Congressional Democrats precluded the Congressional Budget Office from showing that the $2.4 trillion entitlement spending bill is realistically a $4.6 trillion bill that will stoke inflation, reduce GDP growth, jobs and incomes. This sleight of hand was mostly achieved by assuming new entitlement spending would only last a few years. Name one entitlement program that hasn’t become permanent.

If the $2.4 trillion bill passes, total government spending bills in the past year would exceed  $6 trillion on paper but more likely $12 trillion on a permanently scored basis. This is an unprecedented passage of spending equal to 50% of our GDP in a 12-month period. Add in future contingencies for recessions, pandemics, etc. and we are in uncharted waters 

When will people learn that what the government giveth with one hand, it taketh away with increased prices and recessions. Unions know this which is why they’re getting huge cost of living increases cranked into every negotiation. This is the beginning of a wage/price spiral like the 1970s with mothers demonstrating in the streets against rising food prices. To stop the 13.8% inflation then the Federal Reserve had to raise interest rates to 20% which caused two recessions in a row. It seems Americans prefer learning the hard way instead of from history.

Ed Kahl


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(4) comments


Ed, the only sleight of hand is owned by you in your gloom and doom prognosis based on incorrect statistics. The U.S. GDP was $21T in 2020. The infrastructure and Build Back Better bills both will total near $2.9T which would represent 13.8% of GDP on an annual basis. However, this ignores two important elements. One, the bills represent payments over the next decade and are not paid out all at once in one year. Two, the bills will, if estimates hold, will be paid entirely by new tax rates on the wealthy and by IRS enforcement of existing tax laws. So, the net effect will hardly effect GDP spending figures at all. Finally, these bills will act contrary to your opinion by creating jobs, increasing incomes, and fighting inflation.

Ray Fowler

Thanks, Ed, for your LTE...

I am not the numbers guy and plenty of other DJ readers (from both sides of the aisle) can speak with more authority on economic issues. My take on the administration's spending plans is from the 30,000 foot view.

The administration's view that its spending plans are already paid for seems to be quite a stretch, and its position that increased spending can lower consumer costs may be Joe's version of "voodoo economics."

However, there are some cold hard facts where we can find some agreement. First, the government has no money of its own, and secondly, the government acquires revenues through confiscation of others' wealth. That confiscation comes in the form of taxation.

Joe's spending plan reminds me a lot of Milt Friedman's description of spending someone else's money on someone else. That's what's behind the Congressional progressives' spending agenda. As a result, the progressives will not be very careful about how the taxpayers' money is spent on their programs, and there will not be much thought about the value taxpayers can expect for the things the taxpayers money will be buying,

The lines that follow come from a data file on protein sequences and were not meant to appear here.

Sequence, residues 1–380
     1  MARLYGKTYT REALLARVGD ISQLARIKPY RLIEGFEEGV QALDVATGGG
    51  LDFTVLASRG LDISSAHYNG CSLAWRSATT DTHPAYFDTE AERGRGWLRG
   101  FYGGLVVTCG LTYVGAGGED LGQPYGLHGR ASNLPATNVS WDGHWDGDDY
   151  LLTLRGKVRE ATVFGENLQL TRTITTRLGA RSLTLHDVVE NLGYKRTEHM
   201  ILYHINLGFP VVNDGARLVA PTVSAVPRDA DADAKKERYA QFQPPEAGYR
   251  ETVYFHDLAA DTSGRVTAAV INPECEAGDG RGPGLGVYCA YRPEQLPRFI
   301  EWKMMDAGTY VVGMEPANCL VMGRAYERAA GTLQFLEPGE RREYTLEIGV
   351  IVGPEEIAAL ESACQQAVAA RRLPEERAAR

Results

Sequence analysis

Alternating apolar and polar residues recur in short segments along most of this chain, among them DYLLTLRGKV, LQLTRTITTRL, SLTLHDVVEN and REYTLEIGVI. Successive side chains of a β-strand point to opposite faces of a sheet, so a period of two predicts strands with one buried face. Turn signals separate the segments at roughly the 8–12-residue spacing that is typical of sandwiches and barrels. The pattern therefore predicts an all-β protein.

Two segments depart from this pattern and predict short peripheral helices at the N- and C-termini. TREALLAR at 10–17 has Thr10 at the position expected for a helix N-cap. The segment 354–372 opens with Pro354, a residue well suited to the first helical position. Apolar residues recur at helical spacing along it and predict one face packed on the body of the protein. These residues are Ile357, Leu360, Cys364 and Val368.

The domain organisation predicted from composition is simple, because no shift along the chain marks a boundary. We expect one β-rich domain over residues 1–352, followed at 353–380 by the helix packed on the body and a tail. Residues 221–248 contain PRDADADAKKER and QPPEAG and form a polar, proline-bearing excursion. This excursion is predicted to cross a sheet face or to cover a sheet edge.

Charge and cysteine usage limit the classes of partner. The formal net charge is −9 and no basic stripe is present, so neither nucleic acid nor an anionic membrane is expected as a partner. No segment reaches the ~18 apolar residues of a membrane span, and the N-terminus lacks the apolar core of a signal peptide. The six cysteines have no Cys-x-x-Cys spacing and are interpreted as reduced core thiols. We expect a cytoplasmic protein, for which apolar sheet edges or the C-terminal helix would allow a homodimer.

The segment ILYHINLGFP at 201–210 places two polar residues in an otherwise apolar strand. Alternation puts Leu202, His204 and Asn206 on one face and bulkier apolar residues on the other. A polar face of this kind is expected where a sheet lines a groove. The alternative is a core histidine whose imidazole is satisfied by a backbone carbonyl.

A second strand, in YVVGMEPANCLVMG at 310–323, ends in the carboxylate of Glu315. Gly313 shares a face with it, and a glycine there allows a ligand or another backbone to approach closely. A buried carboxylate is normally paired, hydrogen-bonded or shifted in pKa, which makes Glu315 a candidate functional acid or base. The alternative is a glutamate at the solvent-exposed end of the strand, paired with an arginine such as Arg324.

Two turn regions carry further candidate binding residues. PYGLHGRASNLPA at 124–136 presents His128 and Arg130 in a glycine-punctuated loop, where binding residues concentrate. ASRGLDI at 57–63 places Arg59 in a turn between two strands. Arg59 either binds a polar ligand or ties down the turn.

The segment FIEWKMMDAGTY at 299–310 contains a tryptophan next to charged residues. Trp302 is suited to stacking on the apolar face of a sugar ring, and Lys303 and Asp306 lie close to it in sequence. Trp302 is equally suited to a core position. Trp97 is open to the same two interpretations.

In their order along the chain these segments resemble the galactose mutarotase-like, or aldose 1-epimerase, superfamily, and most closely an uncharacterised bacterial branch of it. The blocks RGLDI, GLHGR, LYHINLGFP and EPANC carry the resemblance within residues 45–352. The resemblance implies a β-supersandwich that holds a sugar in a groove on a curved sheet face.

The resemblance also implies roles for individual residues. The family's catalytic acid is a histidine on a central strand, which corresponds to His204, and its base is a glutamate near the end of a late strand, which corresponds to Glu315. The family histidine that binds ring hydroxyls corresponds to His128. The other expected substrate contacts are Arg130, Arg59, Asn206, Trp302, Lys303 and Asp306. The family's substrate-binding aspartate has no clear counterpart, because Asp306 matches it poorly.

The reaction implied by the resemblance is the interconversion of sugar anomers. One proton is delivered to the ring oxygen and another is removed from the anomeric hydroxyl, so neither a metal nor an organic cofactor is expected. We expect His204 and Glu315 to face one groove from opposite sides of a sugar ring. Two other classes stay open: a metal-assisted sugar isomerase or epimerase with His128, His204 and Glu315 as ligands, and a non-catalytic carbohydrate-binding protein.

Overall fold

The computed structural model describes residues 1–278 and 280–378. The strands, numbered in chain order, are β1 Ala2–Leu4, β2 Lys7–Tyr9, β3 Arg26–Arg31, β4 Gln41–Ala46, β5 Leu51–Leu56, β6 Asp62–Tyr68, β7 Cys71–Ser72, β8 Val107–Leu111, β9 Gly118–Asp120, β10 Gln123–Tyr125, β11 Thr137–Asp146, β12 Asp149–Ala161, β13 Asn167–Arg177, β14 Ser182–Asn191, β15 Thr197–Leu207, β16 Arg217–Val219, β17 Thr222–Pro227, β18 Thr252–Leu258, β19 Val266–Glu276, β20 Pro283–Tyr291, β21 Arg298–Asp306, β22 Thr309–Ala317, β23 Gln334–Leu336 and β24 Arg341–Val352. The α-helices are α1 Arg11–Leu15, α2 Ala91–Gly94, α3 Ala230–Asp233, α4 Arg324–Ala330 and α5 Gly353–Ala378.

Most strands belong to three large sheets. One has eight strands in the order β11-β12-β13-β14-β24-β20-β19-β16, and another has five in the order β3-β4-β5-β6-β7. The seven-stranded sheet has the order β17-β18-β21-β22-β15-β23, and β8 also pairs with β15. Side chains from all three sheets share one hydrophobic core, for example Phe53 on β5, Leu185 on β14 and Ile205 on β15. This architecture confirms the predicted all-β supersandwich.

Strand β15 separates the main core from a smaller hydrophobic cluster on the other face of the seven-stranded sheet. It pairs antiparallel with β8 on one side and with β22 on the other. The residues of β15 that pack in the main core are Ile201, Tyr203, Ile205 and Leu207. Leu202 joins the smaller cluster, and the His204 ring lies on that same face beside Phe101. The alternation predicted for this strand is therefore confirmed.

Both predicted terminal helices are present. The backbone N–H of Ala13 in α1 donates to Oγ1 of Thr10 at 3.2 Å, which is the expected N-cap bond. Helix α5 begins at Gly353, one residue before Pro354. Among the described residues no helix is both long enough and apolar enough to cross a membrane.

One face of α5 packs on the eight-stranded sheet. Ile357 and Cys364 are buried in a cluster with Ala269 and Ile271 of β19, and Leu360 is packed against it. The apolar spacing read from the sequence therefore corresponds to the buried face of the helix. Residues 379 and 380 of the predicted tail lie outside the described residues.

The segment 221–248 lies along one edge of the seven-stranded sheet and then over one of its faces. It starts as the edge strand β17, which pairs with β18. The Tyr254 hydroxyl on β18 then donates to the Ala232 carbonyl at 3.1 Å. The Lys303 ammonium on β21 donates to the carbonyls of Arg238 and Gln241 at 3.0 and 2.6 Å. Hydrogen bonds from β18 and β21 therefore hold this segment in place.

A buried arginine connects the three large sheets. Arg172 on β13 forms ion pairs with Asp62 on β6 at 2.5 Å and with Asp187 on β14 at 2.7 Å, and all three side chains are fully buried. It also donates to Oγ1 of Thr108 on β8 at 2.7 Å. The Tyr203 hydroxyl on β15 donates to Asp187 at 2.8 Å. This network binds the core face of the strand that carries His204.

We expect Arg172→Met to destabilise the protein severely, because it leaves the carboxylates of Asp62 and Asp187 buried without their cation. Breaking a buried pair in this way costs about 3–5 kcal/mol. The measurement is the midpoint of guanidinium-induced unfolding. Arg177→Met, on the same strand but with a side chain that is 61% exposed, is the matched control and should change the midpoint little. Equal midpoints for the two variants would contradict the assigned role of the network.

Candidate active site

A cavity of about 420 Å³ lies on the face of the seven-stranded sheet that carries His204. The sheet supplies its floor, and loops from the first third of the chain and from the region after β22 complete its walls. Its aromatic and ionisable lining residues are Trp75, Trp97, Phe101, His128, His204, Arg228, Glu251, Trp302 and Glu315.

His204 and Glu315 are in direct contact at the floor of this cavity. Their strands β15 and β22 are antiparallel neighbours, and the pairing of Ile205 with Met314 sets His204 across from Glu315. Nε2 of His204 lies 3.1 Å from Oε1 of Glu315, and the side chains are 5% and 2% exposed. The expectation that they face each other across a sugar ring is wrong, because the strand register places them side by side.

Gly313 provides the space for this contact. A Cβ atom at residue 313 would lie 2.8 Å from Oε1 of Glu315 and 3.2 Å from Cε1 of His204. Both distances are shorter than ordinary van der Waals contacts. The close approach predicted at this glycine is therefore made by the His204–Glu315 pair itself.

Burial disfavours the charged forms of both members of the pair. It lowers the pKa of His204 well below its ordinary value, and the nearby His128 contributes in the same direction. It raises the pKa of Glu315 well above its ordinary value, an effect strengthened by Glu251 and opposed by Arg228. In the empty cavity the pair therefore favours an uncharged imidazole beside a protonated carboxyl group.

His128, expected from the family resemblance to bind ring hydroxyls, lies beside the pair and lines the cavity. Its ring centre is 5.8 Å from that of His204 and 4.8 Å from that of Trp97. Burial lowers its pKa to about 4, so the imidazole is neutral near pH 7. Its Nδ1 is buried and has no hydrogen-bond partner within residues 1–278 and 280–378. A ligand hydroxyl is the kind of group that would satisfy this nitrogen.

Build Back Better is really Build Government Bigger.


Ray, you are not a numbers guy and apparently not an economist either. Biden's programs cannot be construed as "voodoo economics" in any form. This economic practice of lowering taxes on the rich with the idea money will trickle down to the low and middle class was espoused by Ronald Reagan, and to a degree Milton Friedman. Historically, this theory has never worked in practicality. What has worked is the Keynesian model of increased governmental spending to prime the economic "pump" especially when the funds are spent on the working class which is precisely what the two Biden bills will do.

As to your opinion that progressives will not give much thought to how much value taxpayers can expect from their spending, on what premise is this based? And, how precisely, have conservatives done better in this regard historically?

Ray Fowler


Yes, "voodoo economics" was popularized by George H.W. Bush when he described Ronald Reagan's "trickle down" economic policy. I'm sure you would agree that Reagan's policy was ill advised, and that is the comparison I am making to the current administration's spending plans. Joe's spending plans are also ill advised, and that's why I described them as Joe's version of voodoo economics.

When it comes to Keynes' advice re: governments spending their way out of economic calamity, it didn't really work the way FDR intended. Nearly 15 years earlier, the country was facing the onset of the Great Depression. At that time, the White House did not increase spending and taxes a la FDR. Just the opposite... spending and taxes were cut, and within months not years, the economy rebounded.

The cold hard reality is that no matter what Joe says... his spending plans are not already paid for and they will not reduce the costs of consumer goods. You don't have to be an economist to figure that out...

I posted to Terence, "I have decided to avoid engaging a couple of lefties who appear regularly in these pages," in the comments section following Jorg's LTE published last Saturday. You are one of the lefties I intend to avoid.

I sincerely hope you enjoy Thanksgiving this week with close friends and relatives. Good-bye.

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